Divine tale

Book signing for  Sister Joan Sauro’s ‘Does God Sleep?’ planned

By Jennika Baines
SUN Assoc. Writer

Sister Joan Sauro, CSJ, said she starts every day with prayer, coffee, DivineTaleand a good chunk of nothing.

It’s from this nothing — quiet moments spent looking out the window or sitting in the sun — that the stories she writes begin to rise, word by word, into her mind.

“Usually after I’m praying, what I hear — that’s it,” she said.

What she hears are the first few words of her next story, or perhaps she’ll remember a phrase or see an image that she’ll incorporate into a story she’s already working on.

Sister Joan will be signing her children’s book Does God Ever Sleep? in the book section of Wegman’s in Dewitt from 11 a.m. to 2 p.m. on Sunday, Dec. 6. The book holds many happy memories for her; she dedicates it to her late mother and some of the pictures are of her own family members.

But Sister Joan has also moved on to put together a collection of her short stories on life as a woman religious. She has recently completed the manuscript and is in the process of finding a publisher.

She said she has read books about life in a convent, but books written by someone who has lived the life are much rarer.

“It’s our life as sisters written by a sister, and I don’t think you can find many of those on the shelf,” she said.

While she said she doesn’t think that all writing has to come from first-hand experience, her own writing comes from a sincere attempt to encounter the truths of her life.

“There are things we share in common, and I think love is one, but I don’t think people understand what love and death in the convent is like,” Sister Joan said.

Sometimes, though, seeking the truths about topics like love and death leads Sister Joan farther into the world of fiction.

One example of this is her short story entitled “Bars” which appears in last month’s issue of U.S. Catholic. In this story, Sister Joan tells of an aging woman and the attempts of her grown children to ensure her safety. Bars are installed throughout the house to help the increasingly frail woman navigate her way. When the well-intentioned children begin to consider barring her windows and transferring her to a nursing home, the woman lies down after tea, pulls an afghan over herself and slips into death.

The story, Sister Joan said, comes from her own mother’s death. But the truth of the story lies in the children’s love and concern for their mother, rather than the story’s actual events.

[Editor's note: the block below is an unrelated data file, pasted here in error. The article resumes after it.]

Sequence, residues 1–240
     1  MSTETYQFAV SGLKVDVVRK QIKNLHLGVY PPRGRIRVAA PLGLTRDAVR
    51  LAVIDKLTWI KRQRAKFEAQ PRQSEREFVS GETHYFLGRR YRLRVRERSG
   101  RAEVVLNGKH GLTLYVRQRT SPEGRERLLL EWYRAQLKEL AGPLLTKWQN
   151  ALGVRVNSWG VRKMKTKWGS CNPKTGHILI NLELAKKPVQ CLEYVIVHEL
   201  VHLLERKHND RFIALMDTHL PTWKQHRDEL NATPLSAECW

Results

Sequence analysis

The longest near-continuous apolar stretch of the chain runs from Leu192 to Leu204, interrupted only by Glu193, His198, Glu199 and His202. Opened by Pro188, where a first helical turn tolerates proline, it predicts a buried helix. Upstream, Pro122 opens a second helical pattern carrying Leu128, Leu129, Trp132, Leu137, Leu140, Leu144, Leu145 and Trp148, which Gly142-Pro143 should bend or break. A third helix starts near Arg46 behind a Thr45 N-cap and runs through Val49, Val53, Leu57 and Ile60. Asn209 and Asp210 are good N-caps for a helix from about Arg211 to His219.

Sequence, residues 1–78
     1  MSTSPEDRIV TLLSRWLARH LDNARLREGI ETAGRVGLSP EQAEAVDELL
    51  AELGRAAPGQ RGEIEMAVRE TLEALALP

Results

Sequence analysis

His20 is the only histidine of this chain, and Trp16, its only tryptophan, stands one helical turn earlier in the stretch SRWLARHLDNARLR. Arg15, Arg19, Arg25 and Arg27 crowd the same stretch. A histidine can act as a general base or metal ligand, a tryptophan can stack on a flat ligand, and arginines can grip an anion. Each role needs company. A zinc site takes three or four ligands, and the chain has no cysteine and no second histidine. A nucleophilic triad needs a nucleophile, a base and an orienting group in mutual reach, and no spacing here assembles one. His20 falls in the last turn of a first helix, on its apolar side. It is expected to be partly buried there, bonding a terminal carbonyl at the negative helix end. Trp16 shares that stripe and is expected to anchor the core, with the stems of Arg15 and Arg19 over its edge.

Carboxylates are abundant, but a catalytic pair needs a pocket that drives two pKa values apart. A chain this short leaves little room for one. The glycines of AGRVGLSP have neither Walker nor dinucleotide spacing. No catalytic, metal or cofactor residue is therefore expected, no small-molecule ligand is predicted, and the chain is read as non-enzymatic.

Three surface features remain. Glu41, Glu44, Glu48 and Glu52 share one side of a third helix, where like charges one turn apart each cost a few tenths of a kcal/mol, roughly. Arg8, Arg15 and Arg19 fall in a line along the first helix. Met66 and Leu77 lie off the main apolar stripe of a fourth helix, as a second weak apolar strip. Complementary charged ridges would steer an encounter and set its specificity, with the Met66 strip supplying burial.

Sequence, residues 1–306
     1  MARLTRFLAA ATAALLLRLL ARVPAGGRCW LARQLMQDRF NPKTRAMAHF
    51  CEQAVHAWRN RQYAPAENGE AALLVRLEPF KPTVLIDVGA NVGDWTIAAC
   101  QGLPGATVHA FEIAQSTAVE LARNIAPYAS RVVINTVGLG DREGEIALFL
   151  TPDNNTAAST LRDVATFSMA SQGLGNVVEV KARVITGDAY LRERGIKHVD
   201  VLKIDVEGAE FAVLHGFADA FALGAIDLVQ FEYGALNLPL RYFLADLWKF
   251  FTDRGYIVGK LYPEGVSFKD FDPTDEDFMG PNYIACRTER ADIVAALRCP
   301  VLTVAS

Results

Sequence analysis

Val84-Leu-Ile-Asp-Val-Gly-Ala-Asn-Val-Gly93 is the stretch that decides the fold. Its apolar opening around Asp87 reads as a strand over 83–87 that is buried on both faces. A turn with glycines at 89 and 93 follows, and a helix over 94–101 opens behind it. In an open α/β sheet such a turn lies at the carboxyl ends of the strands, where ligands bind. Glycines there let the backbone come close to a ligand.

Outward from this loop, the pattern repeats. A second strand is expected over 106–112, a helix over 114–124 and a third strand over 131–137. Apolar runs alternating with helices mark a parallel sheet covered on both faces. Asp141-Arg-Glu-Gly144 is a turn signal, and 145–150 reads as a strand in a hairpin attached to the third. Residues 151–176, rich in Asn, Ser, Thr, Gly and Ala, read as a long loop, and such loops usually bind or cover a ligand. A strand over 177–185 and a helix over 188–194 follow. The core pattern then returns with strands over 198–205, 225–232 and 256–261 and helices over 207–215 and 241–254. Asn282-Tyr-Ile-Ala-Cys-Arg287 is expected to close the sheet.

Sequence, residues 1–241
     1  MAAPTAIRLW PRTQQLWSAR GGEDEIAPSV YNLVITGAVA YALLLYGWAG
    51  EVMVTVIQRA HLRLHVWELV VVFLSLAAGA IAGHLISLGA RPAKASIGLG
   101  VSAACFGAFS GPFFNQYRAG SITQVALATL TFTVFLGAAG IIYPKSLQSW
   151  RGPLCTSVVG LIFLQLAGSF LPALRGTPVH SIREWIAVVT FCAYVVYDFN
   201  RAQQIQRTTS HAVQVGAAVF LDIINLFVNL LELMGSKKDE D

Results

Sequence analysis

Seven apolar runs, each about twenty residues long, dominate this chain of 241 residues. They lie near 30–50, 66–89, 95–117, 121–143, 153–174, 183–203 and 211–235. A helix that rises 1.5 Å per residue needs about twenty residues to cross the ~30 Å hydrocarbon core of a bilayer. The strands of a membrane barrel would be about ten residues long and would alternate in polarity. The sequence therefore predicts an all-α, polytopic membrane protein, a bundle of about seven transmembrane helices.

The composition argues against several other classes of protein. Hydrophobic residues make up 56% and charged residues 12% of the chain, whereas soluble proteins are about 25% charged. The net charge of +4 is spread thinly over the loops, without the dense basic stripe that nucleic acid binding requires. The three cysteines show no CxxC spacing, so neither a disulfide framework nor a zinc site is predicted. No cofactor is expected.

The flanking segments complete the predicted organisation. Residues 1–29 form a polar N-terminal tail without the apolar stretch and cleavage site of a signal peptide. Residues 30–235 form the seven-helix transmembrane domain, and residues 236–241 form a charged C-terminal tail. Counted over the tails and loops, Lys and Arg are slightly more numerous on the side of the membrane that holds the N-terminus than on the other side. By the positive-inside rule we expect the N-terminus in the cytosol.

In reality, her mother’s death was a long and difficult experience that ended in a nursing home.

“I decided to give her a better death,” Sister Joan said, “so I wrote ‘Bars.’”

In another story, she tells of a colorful sister she knows who is so full of life she constantly fidgets her feet and taps her fingers. “I wanted to work out getting to know her better,” Sister Joan said. The way for her to do that was to write this colorful character down.

Stories Sister Joan has written have appeared in the Notre Dame alumni magazine, in Commonweal, and they have earned her several fellowships from the New York State Foundation for the Arts and a Best Story of the Year award from the Catholic Press. She has written several articles and six books so far, including The Whole Earth Meditation and The Diary of a Jogging Nun.

From this work and from some newer pieces, she took 15 of her best stories and incorporated them into a manuscript that expresses the experience of living the life of a woman religious. “The task was spreading them all out all over the floor and getting a picture of the whole,” she said.

For the most part, Sister Joan’s stories are short, concentrated narrative bursts. “Bars,” for instance, is only eight paragraphs long.

She figures her short stories are somewhere between creative nonfiction and poetry. “I think it’s very close to poetry. It’s compact, it’s dense and it’s done.” If writing were running, Sister Joan said, she’d be a sprinter. “I’m very, very good at doing four to five pages, I’m not good at doing a whole book.”

These short bursts of vibrant energy make Sister Joan particularly well-suited to leading the creative writing classes she teaches for the children at Holy Cross School in DeWitt each year. She said she finds the students’ spontaneity and forthrightness energizing. “They’ll let you know. Sometimes you’re headed in one direction and they’ll want to go in another,” she said.

While she only teaches the classes for a few weeks once a year (usually in May) she said she can see an immediate impact on her own writing. “After I finish my three weeks with them, I find my writing better,” she said.

This creative relationship extends to the women she lives in community with as well. At every turn, she said, her fellow women religious are there to support her. Although the book Sister Joan will be signing at the Wegman’s in DeWitt was published in 2005, she said the opportunity for the public book signing arose recently through a fellow Sister of St. Joseph in Rochester. She had a relation who worked at the Wegman’s headquarters in Rochester, and they were able to coordinate with the management at the store in DeWitt for the signing. Another sister made the poster that will appear behind Sister Joan during the signing.

“Rather simply, this is what a community of sisters can do for you. We will help in whatever way we can,” Sister Joan said, “and think nothing of it.”

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